Healthdirect Free Australian health advice you can count on.

Medical problem? Call 1800 022 222. If you need urgent medical help, call triple zero immediately

healthdirect Australia is a free service where you can talk to a nurse or doctor who can help you know what to do.

Woman with hearing aids

Woman with hearing aids
beginning of content

Hearing aids

2-minute read

Hearing aids are devices that help people with poor hearing to hear better. They come in various sizes, shapes and styles. If you are having trouble hearing, you need to have your hearing checked.

What are hearing aids?

A hearing aid is a small electronic device that increases the loudness of sound to help people hear. It has a microphone, an amplifier, a speaker and a battery. The microphone receives sound waves and turns them into electrical signals.

The amplifier receives these electrical signals and increases their power before sending them to your ear through a speaker.

How can I get hearing aids?

The Australian Government Hearing Services Program offers eligible people free or subsidised hearing assessments and hearing aids.

If you think you have hearing loss, you should have a hearing test. After the test, you will be advised whether or not a hearing aid might suit you. Not everyone with a hearing loss will need or want to use a hearing aid.

If you are not eligible for the government program, you may be able to get a hearing aid from a hearing aid bank, which reconditions donated hearing aids. You can ask the Hearing Services Program for information about a hearing aid bank near you.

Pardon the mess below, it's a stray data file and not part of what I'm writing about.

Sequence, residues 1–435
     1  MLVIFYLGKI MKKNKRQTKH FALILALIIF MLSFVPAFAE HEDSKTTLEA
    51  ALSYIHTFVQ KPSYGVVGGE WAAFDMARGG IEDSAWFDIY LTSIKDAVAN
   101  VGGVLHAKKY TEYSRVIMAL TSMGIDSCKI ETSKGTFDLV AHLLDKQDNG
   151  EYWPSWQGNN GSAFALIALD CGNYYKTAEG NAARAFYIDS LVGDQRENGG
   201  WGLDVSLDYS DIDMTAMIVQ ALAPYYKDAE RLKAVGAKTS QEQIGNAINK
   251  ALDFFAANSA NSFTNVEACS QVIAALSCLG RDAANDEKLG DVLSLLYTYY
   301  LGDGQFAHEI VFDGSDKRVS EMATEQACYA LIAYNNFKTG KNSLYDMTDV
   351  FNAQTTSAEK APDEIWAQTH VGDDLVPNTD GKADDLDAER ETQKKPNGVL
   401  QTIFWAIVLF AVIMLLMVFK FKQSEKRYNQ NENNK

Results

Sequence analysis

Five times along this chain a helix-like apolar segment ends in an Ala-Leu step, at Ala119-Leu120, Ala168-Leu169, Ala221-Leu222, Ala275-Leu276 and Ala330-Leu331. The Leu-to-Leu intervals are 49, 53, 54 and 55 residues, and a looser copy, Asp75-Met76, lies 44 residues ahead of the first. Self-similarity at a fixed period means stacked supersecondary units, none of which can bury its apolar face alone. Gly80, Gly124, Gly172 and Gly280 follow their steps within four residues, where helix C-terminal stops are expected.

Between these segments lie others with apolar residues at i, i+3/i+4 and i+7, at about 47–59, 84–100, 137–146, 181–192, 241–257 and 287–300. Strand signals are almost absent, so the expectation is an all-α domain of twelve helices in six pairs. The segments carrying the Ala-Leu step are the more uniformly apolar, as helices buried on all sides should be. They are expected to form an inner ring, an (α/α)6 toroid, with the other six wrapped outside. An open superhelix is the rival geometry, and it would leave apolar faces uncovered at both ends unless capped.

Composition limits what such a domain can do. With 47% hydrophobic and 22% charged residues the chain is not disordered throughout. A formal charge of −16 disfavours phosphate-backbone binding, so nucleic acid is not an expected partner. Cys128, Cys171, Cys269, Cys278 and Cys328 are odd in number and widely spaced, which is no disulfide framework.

If you have private health insurance, check if you are covered for hearing aids. You may also be eligible to claim some costs as a tax benefit under the Australian Government’s medical expenses offset.

Types of hearing aids

There are several types of hearing aids. Hearing aids can vary in size, special features, price and the way they are placed in the ear. Hearing aids are worn in or behind the ear.

Behind-the-ear hearing aids are relatively easy to clean and maintain. Hearing aids that are placed in the ear are smaller and harder to clean. Speak to your doctor or audiologist about finding the right types of hearing aids for you.

Tips for using hearing aids

  • Wear the hearing aid for short periods and in quiet places to start with.
  • Ask your hearing practitioner how to wear, adjust and clean your hearing aid
  • Keep batteries away from children and pets as they are dangerous if swallowed

Learn more here about the development and quality assurance of healthdirect content.

Last reviewed: March 2020

Back To Top

Need more information?

These trusted information partners have more on this topic.

Top results

Raising a deaf child

If you are raising a deaf child, make sure that you get the right support as soon as possible.

Read more on Pregnancy, Birth & Baby website

Ears - Hearing loss in children with Down syndrome | Sydney Children's Hospitals Network

Hearing loss is common in children with Trisomy 21 (also known as Down syndrome)

Read more on Sydney Children's Hospitals Network website

Microtia | Sydney Children's Hospitals Network

What is microtia? This is the medical name for an ear which has developed differently

Read more on Sydney Children's Hospitals Network website

Ear health | Australian Government Department of Health

If left untreated, hearing loss and ear disease can affect a child's learning and development. Adults with with untreated hearing loss may also be at risk of developing other health problems. Find out what we’re doing to raise awareness of ear health and help prevent hearing loss in Australia.

Read more on Department of Health website

Healthdirect 24hr 7 days a week hotline

24 hour health advice you can count on

1800 022 222

Government Accredited with over 140 information partners

We are a government-funded service, providing quality, approved health information and advice

Australian Government, health department logo ACT Government logo New South Wales government, health department logo Northen Territory Government logo Government of South Australia, health department logo Tasmanian government logo Victorian government logo Government of Western Australia, health department logo